The Lower Elwha Klallam Tribe is wrapping up its four-year study on river otters and American dippers in the Elwha River watershed.

The tribe has been studying how the animals use the river for food and habitat and how those needs have been impacted by the recent removal of the river’s Elwha and Glines Canyon dams.

A river otter rests on a log in the Elwha River. Click the photo for more pictures from the three-year study. Photo: Lower Elwha Klallam Tribe

A river otter rests on a log in the Elwha River. Click the photo for more pictures from the three-year study. Photo: Lower Elwha Klallam Tribe

Since the early 20th century, the dams prevented salmon from spawning beyond the first five miles of the river, denying wildlife an important food source. The upper watershed also was deprived of the marine-derived nutrients that salmon carcasses provide to the surrounding ecosystem.

As the dams have been removed and salmon have been able to move upriver, the otters and dippers have been taking advantage of the new resources, said Kim Sager-Fradkin, the tribe’s wildlife biologist.

Between 2011 and 2014, blood, feather, toenail and tissue samples were collected for genetic and diet analysis. The tribe also tagged 11 otters with radio tracking devices and tagged 246 dippers with small leg bands to track migration patterns.

“Despite disruptive dam removal activities, at least one tagged otter continued to frequent areas around Glines Canyon Dam,” said Sager-Fradkin. “Sediment loads in the river, however, appeared to impact which areas of the river that otters used, with otters using more side channel, tributary and saltwater habitats during periods of high sediment loads in the river channel.“Overall though, we found most of them moving throughout the Elwha watershed and Strait of Juan de Fuca, from as far south as the Glines Canyon dam when it was still fully intact, to as far north and east as Port Angeles harbor.”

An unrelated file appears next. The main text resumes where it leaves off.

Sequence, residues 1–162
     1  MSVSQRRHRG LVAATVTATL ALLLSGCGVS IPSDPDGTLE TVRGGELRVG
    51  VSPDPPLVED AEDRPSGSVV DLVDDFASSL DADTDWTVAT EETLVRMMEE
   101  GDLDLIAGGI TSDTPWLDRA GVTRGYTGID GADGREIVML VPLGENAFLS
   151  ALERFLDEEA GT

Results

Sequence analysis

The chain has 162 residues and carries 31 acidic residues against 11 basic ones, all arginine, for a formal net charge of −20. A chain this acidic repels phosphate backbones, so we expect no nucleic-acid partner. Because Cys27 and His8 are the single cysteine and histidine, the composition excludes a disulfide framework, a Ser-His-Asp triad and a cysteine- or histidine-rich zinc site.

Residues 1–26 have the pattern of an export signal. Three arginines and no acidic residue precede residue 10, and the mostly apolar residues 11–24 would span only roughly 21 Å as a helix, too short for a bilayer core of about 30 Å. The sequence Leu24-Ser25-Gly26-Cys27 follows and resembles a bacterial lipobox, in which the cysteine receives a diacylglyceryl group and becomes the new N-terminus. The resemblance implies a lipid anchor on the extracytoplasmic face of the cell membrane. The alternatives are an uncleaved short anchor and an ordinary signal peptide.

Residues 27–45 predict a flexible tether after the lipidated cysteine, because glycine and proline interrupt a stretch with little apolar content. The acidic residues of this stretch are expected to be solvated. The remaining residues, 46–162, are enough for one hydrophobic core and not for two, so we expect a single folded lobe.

Dippers also used tributary and side channel habitats during dam removal and increased sediment loads in the river, she added.

Analyses of the animals’ diets showed that both otters and dippers are eating more marine-derived nutrients now than before the dams started to come down.

“Presumably this is either through direct consumption of salmon or through consumption of aquatic macroinvertebrates that have become enriched with marine-derived nutrients,” she said.

In addition, female dippers breeding in areas without salmon had worse body conditions compared to dippers breeding in areas with salmon. Also, adult dippers found in areas with salmon migration had higher survival than those in areas without salmon.

The Elwha Dam has been fully removed since 2013 and the Glines Canyon is expected to be fully removed by the end of 2014.